We’ve covered a large number of issues on our blog over the years, but it has been some time since annulments have been covered. Unlike a divorce, an annulment is a declaration that a marriage never existed (rather than a legal ending of a marriage, such as in a divorce). Annulments are also not nearly as common as divorces, and a recent decision from the Supreme Court of British Columbia has provided us with an opportunity to look at how the courts address annulments in certain situations.
As we mentioned above, an annulment is a declaration from the courts that a marriage is not recognized – making it as though it never happened in a legal sense. There are a limited number of reasons why a marriage may be annulled.
Other reasons for an annulment might be factors such as the person who officiated the marriage was not allowed to do so.
In today’s situation, we look at a situation where an annulment was sought because the parties did not, or could not, consummate the marriage.
While the parties involved in the trial were married in 2018, laws concerning the inability to consummate a marriage have existed for over 150 years. Since 1857, courts in Canada have assumed jurisdiction over annulments, and in British Columbia (and Ontario) the lack of capacity for a spouse to consummate a marriage is grounds to void a marriage.
The court noted in this case that the facts upon which the annulment is sought must have existed at the time of the marriage, rather than after the marriage occurred. If the grounds only arose after the marriage occurred, it would mean the couple would need a divorce rather than an annulment.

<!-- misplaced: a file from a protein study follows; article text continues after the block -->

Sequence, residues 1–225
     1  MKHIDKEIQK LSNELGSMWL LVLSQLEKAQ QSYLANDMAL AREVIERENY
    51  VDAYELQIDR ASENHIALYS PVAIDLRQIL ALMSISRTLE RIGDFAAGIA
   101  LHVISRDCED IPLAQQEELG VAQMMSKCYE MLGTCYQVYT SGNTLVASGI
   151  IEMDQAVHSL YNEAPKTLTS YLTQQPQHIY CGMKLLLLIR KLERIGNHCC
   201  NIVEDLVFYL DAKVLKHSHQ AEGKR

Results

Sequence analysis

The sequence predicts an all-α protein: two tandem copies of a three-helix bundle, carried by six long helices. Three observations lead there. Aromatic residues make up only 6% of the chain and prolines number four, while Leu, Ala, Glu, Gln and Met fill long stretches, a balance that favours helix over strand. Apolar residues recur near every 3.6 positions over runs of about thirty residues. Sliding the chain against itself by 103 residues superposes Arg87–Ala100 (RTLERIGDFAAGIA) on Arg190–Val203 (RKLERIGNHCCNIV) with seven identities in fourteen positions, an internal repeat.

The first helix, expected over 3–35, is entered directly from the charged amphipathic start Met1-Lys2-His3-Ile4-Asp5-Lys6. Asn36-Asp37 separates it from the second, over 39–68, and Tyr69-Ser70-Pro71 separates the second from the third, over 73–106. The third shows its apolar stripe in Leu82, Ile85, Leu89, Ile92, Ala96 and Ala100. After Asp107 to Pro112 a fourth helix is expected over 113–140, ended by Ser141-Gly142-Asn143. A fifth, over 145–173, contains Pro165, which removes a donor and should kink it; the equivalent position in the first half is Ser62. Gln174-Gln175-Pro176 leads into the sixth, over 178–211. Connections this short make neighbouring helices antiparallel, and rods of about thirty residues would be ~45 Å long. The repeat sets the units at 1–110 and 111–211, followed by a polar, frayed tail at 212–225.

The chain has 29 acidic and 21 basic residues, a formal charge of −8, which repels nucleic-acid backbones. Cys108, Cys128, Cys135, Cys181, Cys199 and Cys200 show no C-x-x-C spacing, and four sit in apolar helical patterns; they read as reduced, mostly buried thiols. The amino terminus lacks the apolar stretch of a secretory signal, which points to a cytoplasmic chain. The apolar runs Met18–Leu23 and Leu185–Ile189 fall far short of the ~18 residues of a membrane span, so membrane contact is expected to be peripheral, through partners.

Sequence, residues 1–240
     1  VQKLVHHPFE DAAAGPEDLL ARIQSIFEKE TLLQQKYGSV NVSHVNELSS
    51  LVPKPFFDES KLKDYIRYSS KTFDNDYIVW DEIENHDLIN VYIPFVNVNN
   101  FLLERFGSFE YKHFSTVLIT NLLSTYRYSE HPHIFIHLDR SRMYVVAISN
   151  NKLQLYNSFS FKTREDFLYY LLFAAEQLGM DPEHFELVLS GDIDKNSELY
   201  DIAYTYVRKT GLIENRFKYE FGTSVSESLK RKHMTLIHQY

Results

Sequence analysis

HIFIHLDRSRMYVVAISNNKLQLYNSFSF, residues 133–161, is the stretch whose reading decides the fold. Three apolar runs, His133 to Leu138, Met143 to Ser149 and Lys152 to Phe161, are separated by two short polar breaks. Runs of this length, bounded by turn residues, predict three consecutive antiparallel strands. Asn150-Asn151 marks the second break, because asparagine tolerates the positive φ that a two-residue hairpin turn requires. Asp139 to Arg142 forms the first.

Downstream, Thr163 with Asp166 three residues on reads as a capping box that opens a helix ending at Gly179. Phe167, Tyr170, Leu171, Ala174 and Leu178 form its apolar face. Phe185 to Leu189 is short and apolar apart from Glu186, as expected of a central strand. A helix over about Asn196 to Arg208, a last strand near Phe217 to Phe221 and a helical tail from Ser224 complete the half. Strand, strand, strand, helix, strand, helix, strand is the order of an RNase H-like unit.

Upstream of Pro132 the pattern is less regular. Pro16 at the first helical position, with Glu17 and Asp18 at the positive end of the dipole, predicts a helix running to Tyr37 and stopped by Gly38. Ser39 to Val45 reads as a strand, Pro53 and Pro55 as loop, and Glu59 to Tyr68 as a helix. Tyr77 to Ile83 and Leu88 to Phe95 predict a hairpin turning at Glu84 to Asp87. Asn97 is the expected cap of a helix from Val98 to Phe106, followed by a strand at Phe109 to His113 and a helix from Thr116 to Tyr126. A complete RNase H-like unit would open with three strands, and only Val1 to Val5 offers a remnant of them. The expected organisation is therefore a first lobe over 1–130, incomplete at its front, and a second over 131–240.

The parties were married on August 11, 2018. The wife sought an annulment on the grounds that the marriage had not yet been consummated due to the husband’s impotence. The burden of proof in this case fell on the wife, who was required to satisfy the court that the husband was incapable of consummating their marriage.
Traditionally, courts in Canada stated that the inability to consummate a marriage must be a permanent issue, and not one that could be cured. More recently, courts have lessened the burden. A 2003 decision from British Columbia stated that impotence could arise from physical or psychological incapacity, meaning the spouse who is impotent could be able to perform intercourse with others, but not with their spouse.
The court received affidavits from the parties, and while the husband submitted one, he did not challenge the wife’s statement that he was incapable of consummating the marriage. The wife’s affidavit stated that they attended pre-marriage counselling sessions, where the husband did not mention any sexual health issues. The parties spoke about having kids together, but did not live together or have sexual intercourse prior to their marriage. After they were married, the wife said the husband was not able to maintain an erection, a problem that persisted for close to a year. Eventually, they couple spoke to a doctor who found no medical issue preventing the consummation of a marriage.
The facts as presented by the wife, and unchallenged by the husband, were enough to lead the court to conclude that the husband was not able to consummate the marriage with the wide, and as such, the marriage was determined to be null and void.
The end of a marriage is always difficult and emotional. The experienced and compassionate divorce lawyer at NULaw can make the process easier by providing outstanding legal guidance and ensuring your interests and rights are protected so that you can focus on moving on with your life. Contact us online or at 416-481-5604 to book a consultation.